We should emphasize that the decision of defining strong, moderate and weak heteroskedasticity based on p-value between 0.0–0.1, 0.1–0.2 and 0.2–0.3, respectively, is somewhat arbitrary. One can always argue for other delineations of the p-value for the three classifications of strong, moderate and weak heteroskedasticity. Likewise, the choice of measuring the diverging/converging heteroskedasticity based on the interdecile range − is also somewhat arbitrary. One can also argue for the use of the difference between other pairs of the estimated Beta, e.g., the interquartile range − , to define diverging/converging heteroskedasticity. At the journal’s website, we provide an R function beta-het that is used to generate Figure 1 through Figure 6 and compute the various summary statistics reported in the upper-left panel of those figures. Investors could use the function to experiment with different possible delineations of the p-value and the different pairs of estimated Betas. This could help them define and quantify the strength of diverging/converging heteroskedasticity to suit their different degrees of preference for “loss-aversion” in a gain frame and “risk-seeking” in a loss frame.
6. Conclusions
Kahneman and Tversky postulate that people exhibit “loss-aversion” in a gain frame and “risk-seeking” in a loss frame. Stocks that are consistent with that behavioral preference should be more sought after than those that are not. Stocks with converging heteroskedasticity match that preference. For these stocks, when the individual stock returns are high and the stock is in a gain frame, then the stock Betas are relatively low which would help investors who seek “loss-aversion”. Also, when the market returns are high (a gain frame), the variance of the returns is low (low risk). This should also help investors who seek “loss-aversion”. When individual stock returns are low and the stock is in a loss frame, then stock Betas are relatively high (high risk) which would help investors who are “risk-seeking”. Also, when the market returns are low (a loss frame), the variance of the returns is high (high risk). This should help investors who are “risk-seeking”. Conversely, stocks that exhibit diverging heteroskedasticity behave the opposite way. These stocks would be less preferred than other stocks according to Kahneman and Tversky’s theory. In a sample of 4230 stocks, 22.2% exhibit converging heteroskedasticity and would be preferred by investors, while 12.6% exhibit diverging heteroskedasticity and would be less preferred by investors. In total, investors can gain information on 34.8% of all stocks. This information could help them create portfolios that more closely match their preferences.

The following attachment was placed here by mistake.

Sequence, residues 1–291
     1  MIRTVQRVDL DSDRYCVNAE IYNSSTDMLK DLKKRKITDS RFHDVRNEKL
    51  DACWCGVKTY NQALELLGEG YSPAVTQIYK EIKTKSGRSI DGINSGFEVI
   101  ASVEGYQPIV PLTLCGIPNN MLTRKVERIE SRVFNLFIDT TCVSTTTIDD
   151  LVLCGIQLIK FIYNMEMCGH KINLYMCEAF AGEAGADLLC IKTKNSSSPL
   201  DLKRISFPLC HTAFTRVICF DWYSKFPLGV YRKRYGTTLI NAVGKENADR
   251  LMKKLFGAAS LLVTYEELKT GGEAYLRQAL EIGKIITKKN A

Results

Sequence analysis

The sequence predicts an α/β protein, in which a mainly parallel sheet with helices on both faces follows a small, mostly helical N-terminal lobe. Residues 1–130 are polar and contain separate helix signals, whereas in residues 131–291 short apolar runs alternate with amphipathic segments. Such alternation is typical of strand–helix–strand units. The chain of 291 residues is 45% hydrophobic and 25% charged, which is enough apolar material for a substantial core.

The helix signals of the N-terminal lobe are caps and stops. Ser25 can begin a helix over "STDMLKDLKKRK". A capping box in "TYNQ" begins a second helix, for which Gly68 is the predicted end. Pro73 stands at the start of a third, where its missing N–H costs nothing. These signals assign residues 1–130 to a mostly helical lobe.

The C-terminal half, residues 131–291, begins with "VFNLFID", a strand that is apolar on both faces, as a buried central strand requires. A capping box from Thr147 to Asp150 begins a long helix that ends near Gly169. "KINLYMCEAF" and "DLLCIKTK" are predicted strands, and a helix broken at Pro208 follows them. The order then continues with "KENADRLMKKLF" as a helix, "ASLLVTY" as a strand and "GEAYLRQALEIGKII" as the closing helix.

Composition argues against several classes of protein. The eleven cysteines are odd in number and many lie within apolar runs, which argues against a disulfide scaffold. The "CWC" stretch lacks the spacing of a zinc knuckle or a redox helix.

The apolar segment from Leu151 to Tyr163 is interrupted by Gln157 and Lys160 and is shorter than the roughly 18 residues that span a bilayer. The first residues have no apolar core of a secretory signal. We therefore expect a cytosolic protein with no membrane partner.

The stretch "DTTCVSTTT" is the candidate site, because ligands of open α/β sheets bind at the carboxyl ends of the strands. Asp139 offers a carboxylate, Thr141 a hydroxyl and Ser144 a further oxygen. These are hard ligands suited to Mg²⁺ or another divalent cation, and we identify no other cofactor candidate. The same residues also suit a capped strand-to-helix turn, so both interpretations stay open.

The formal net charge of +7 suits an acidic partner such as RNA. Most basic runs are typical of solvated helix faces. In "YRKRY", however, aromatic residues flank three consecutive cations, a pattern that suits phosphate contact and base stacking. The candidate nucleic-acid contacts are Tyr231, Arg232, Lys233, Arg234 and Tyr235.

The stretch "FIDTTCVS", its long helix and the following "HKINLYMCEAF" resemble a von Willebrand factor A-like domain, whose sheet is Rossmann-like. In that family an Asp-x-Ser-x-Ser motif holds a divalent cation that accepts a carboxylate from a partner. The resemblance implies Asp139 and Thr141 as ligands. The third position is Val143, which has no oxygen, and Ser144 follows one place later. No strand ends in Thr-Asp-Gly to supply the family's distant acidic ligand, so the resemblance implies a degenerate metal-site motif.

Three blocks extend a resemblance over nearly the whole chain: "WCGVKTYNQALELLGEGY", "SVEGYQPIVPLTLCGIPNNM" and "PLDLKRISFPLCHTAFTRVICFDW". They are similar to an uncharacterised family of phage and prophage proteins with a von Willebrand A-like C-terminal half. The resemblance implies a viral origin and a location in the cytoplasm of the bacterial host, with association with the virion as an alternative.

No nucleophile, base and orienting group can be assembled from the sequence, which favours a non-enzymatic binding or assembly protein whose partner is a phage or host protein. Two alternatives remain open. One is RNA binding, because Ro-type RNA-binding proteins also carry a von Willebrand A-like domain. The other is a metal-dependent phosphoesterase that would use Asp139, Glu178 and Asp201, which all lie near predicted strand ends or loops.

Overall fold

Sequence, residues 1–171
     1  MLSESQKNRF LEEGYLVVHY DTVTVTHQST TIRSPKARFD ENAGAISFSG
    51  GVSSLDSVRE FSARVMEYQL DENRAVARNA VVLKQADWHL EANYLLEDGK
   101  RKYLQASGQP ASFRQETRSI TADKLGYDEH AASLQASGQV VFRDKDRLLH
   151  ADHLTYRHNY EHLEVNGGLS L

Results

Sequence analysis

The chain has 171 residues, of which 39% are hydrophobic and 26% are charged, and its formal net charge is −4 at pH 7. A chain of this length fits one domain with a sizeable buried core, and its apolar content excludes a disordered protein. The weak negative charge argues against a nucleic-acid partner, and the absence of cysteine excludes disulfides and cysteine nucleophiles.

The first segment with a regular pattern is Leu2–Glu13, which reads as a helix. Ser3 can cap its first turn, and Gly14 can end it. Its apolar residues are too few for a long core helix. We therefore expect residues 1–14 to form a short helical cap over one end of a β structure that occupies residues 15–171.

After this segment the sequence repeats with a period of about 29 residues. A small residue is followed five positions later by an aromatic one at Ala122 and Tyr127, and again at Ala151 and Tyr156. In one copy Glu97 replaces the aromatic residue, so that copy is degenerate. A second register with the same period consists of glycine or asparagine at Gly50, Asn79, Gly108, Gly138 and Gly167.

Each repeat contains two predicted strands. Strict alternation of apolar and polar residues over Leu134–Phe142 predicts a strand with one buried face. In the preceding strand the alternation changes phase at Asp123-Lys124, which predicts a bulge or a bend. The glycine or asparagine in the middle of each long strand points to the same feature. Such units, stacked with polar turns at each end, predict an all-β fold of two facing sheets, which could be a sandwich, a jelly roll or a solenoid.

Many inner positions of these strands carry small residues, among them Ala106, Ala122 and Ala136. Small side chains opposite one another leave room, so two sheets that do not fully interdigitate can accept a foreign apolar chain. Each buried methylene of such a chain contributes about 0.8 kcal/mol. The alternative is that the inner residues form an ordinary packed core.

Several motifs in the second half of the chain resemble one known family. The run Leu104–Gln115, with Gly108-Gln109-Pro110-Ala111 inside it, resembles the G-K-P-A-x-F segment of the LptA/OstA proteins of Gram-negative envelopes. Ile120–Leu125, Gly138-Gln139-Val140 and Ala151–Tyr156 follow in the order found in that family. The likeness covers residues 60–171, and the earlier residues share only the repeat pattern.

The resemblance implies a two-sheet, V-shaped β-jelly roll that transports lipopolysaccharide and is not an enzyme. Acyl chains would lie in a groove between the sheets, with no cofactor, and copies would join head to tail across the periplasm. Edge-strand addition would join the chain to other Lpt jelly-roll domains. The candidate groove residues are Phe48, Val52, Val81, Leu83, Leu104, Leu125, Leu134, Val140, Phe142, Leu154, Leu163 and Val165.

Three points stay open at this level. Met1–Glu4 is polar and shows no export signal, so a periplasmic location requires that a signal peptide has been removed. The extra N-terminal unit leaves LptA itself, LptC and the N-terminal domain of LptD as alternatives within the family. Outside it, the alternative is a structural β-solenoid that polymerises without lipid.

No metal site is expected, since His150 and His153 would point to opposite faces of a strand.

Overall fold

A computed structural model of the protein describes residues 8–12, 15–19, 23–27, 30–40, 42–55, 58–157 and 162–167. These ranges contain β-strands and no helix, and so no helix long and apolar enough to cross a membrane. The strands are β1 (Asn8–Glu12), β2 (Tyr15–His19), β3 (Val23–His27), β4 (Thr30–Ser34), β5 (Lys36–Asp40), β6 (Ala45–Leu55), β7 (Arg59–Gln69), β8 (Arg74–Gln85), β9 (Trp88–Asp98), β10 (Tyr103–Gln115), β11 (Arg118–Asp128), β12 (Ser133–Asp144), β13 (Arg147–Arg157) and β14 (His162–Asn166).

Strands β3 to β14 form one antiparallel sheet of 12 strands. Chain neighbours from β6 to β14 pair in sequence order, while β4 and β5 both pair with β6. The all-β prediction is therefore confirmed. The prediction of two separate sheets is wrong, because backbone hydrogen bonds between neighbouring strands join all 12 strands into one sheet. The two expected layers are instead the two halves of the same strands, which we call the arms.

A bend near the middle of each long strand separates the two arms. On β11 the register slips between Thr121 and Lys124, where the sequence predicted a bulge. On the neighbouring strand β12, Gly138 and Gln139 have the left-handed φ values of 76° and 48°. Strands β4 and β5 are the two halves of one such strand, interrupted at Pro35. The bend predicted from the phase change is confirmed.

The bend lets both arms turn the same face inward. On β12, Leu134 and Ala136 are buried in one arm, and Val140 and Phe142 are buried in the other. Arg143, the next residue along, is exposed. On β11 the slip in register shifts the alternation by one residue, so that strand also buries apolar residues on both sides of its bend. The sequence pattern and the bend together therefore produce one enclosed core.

Another promising approach that might be used to test for converging/diverging heteroskedasticity is the generalized autoregressive conditional heteroskedasticity (GARCH) model proposed by Bollerslev [21] and Taylor [22]. One could perform a test on the autoregressive coefficients of the conditional variance specification to see if they are greater (smaller) than one to identify the existence and strength of diverging (converging) heteroskedasticity. This will be a topic for future research.
Acknowledgments
We would like to thank the two referees for their valuable comments that have led to a much improved manuscript. Of course, the responsibility of all errors and weaknesses remains ours.
Author Contributions
Both authors made substantial contributions to this paper.
Conflicts of Interest
The authors declare no conflict of interest.